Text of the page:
Publisher: Sourcebooks Landmark
In this powerful, affecting debut, a young woman uncovers devastating secrets about the friend she thinks she killed
Ten years ago, Julie Portland accidentally killed her best friend, Reba. What’s worse is she got away with it. Consumed by guilt, she left the small town of Lawrence Mill, Mississippi, and swore nothing would ever drag her back. Now, raising her daughter and struggling to make ends meet in Manhattan, Julie still can’t forget the ghost of a girl with golden hair and a dangerous secret.
When August, Reba’s first love, begs Julie to come home to find the diary that Reba kept all those years ago, Julie’s past comes creeping back to haunt her. That diary could expose the shameful memories Julie has been running from, but it could also unearth the hidden truths that Reba left buried…and reveal that Julie isn’t the only one who feels responsible for Reba’s death.
Julie has never been able to get over the death of her high school best friend Reba, not even ten years later and she’s not happy to be back in her small hometown, but the allure of a diary Reba left behind is too strong for her to ignore. This is told mainly through Julie’s eyes in 2008, though there are a few brief chapters from August and Toby as well. (Toby is Julie’s cousin who she lived with after her parents died.) There are also chapters from Reba’s diary in 1997 where the truth about the months and days leading up to her death are finally revealed. I especially liked the diary entries as it was the only way to see what really happened and they were also clearly labeled. I say this because the other chapters were not labeled and I think it would’ve helped to do this in order to avoid confusion.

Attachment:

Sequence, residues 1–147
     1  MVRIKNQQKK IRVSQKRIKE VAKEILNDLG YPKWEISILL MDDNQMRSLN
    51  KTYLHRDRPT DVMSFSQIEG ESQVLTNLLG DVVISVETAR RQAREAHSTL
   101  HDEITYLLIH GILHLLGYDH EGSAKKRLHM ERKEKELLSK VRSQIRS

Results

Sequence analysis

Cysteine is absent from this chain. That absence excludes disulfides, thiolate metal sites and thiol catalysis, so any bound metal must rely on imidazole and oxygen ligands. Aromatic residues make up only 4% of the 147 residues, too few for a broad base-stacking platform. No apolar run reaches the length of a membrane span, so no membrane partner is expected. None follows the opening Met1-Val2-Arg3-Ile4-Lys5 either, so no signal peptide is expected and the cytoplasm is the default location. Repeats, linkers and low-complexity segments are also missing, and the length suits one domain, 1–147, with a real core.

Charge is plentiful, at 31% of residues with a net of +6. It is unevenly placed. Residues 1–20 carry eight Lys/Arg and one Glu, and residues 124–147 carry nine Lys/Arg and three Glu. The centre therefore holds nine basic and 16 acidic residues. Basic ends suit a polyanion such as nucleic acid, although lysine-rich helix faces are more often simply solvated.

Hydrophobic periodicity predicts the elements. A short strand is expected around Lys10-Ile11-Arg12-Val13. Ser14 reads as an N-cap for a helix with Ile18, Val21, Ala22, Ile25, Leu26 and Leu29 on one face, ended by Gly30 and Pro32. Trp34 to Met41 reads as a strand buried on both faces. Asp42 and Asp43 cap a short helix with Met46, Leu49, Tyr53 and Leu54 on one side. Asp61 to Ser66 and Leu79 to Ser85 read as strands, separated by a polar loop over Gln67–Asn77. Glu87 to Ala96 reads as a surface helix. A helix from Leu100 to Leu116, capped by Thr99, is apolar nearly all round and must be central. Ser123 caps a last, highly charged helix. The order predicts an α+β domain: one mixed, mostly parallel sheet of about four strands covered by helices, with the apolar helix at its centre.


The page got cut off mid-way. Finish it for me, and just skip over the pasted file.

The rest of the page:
This was a slow burn of a book, one that takes a bit of patience in the beginning, but if you stick with it, things speed up around the halfway point and the suspense heightens. When August and Julie finally get their hands on the diary everything they thought they knew about Reba is shattered. This girl was hiding some serious secrets and nothing is as they thought it was.
I liked some of the issues this one touched on, it showed how racism was still sadly prevalent in the late nineties and how this affected so many lives in an negative way. Harrigan has a really beautiful writing style and this was a solid debut that I had minor issues with, but nothing that ruined my reading experience. If you like a read that takes a little time to warm up, but still gradually reels you in, give this one a try.
Overall rating: 3.5/5
Thanks to the publisher for my review copy.
The publisher is hosting a fun giveaway for a summer reads prize pack! You can enter here.